These results illustrate the superiority of fine particles (less than 2 micron) at a coating level of less than 150 ppm, especially of fumed silica, to reduce the sticking of the pellets during crystallization.
Amorphous polyester pellets from Example 1 were coated with 70 ppm HDK® V15 fumed silica using two Acrison (Moonachie, N.J., USA) weigh feeders, for the pellets and the silica, feeding a Munson (Utica, N.Y., USA) rotary batch blender. These coated pellets were then used as the feedstock for a crystallizer and preheater trial. The continuous feed rate for these trials was in the range 127-145 kg/hr. The crystallizer was a TorusDisc crystallizer (Hosolkawa Bepex, Minneapolis, Minn., USA) followed by a TorusDisc preheater. The TorusDisc reactor consists of a stationary horizontal vessel containing a tubular rotor, which comprises a hollow shaft attached to 12 vertically mounted, double walled hollow discs, Heat transfer fluids flow through the shaft, the discs, and the jacketed vessel surrounding the rotor. The discs provide 85% of the heating surface. These two mechanically agitated vessels are pilot scale versions of the commercial equipment used by Hosakawa Bepex in solid phase polymerization facilities sold to the PET and polymer industry.
The feed pellets were at room temperature (22° C.) The pellet temper attire was measured in several locations within the vessel, and specifically at the ends of the two reactors at increasing pellet throughputs. The temperature of heat transfer fluid to the crystallizer was increased to a temperature (211° C.) such that the uncoated pellets did not stick to the end (hotter) discs. This was Condition I. To show the benefits of coated chips, the temperature of heat transfer fluid to the crystallizer was increased to 230° C. This was Condition II. In both Condition I and II, the temperature of heat transfer fluid to the preheater was 230° C. After steady state was achieved, the vessels were inspected to determine the number of discs to which pellets adhered. The results are set forth in Table 7 below.
TABLE-US-00007 TABLE 7 Uncoated Coated Condition Condition Condition Condition I II I II Feed Rate, kg/hr. 127 155 141 158 Crystallizer inlet, ° C. 59 54 63 62 Crystallizer outlet, ° C. 170 173 171 178 Preheater inlet, ° C. 170 173 171 177 Preheater outlet, ° C. 218 216 219 219 # discs with None all 8 None None stuck pellets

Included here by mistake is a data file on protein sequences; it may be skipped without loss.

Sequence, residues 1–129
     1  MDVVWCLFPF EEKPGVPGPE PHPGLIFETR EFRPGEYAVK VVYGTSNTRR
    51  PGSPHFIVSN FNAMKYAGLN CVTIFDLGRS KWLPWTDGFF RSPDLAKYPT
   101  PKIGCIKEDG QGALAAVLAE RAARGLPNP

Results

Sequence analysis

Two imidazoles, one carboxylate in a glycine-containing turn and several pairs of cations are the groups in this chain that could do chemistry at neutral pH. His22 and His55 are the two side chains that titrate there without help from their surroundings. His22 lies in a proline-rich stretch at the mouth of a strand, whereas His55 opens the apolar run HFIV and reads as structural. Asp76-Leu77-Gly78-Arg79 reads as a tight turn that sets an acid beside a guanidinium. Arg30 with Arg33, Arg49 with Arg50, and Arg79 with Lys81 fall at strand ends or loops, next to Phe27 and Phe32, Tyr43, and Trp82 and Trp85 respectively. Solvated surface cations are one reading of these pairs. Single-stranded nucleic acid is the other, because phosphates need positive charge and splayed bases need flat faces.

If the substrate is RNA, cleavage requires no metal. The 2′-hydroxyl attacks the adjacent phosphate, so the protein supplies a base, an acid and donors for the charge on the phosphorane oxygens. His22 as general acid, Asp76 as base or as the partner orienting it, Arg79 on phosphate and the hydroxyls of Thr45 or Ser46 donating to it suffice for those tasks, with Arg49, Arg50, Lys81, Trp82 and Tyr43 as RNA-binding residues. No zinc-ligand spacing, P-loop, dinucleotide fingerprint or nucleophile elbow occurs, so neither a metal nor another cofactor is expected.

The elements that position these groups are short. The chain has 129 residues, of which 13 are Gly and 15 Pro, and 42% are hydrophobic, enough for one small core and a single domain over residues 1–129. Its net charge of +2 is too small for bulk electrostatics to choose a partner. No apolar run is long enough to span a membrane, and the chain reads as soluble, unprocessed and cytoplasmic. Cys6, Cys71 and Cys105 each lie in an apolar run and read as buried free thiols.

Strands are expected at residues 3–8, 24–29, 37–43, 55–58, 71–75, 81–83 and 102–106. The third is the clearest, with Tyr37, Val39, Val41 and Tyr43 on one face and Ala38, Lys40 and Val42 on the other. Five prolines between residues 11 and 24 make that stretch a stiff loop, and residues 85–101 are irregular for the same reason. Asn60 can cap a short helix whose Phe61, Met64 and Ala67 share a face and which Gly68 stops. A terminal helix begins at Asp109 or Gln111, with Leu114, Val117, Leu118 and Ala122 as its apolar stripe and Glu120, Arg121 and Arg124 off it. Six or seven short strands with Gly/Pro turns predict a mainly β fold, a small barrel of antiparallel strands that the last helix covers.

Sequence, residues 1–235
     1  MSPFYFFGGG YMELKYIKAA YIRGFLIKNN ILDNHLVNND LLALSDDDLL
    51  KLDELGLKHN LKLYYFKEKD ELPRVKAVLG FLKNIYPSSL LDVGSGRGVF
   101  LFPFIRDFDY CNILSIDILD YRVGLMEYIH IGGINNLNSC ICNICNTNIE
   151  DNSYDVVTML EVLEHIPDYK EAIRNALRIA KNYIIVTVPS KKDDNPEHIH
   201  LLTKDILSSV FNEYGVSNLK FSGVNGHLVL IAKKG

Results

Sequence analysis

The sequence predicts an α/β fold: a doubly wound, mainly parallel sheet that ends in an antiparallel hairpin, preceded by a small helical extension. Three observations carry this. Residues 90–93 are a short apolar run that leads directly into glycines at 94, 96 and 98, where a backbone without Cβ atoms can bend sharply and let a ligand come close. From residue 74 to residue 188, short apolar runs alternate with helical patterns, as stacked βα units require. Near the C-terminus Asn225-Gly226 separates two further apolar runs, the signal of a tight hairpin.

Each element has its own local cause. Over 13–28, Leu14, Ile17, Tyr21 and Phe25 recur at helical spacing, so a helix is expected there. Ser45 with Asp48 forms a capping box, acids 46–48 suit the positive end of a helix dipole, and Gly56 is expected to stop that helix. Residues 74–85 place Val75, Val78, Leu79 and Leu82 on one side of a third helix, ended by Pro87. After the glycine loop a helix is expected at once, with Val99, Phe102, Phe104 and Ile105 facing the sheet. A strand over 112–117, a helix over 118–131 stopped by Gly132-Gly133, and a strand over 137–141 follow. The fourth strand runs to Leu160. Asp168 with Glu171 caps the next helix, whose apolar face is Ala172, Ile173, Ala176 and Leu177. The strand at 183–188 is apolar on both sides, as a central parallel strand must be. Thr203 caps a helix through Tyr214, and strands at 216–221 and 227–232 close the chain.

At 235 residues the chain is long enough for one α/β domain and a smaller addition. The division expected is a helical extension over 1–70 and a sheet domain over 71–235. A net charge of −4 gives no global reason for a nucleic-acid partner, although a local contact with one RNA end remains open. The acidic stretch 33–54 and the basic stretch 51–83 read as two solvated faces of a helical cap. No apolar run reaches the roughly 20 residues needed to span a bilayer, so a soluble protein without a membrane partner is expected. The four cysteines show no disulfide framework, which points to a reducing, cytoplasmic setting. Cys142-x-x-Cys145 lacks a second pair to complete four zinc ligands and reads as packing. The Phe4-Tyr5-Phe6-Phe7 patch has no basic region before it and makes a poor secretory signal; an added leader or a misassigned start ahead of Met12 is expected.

This trial shows that coated pellets allow the crystallizer and preheater to operate (1) at higher throughputs at the same conditions and (2) at higher throughputs without sticking at higher heating fluid temperatures.
450 grams of the coated amorphous pellets from Example 6 were also crystallized in a fluid bed reactor (3.8 inch internal diameter, 12 inch high). Hot air was passed through a bed of pellets to fluidize the pellets. At air velocities corresponding to 10 and 25 standard cubic feet per minute, and temperatures of 185 and 220° C., the uncoated pellets were caked into lumps together within 5 minutes, whereas the coated pellets remained free flowing when the materials were removed from the fluid bed apparatus after being exposed to the same conditions for the same time.
Analysis of the SiO2 on the coated chip before and after the fluid bed experiment showed that the loading of the SiO2 had not changed, this demonstrating that the high gas velocities did not substantially cause a loss in coating compound.
Thus it is apparent that there has been provided, in accordance with the invention, a process that fully satisfied the objects, aims and advantages set forth above. While the invention has been described in conjunction with specific embodiments thereof it is evident that many alternatives, modifications and variations will be apparent to those skilled in the art in light of the foregoing description. Accordingly, it is intended to embrace all such alternatives, modifications and variations as fall within the spirit and broad scope of the appended claims.
Patent applications by Wei-Ching Yu, Marietta, GA US
Patent applications in class Polymer or resin containing (i.e., natural or synthetic)
Patent applications in all subclasses Polymer or resin containing (i.e., natural or synthetic)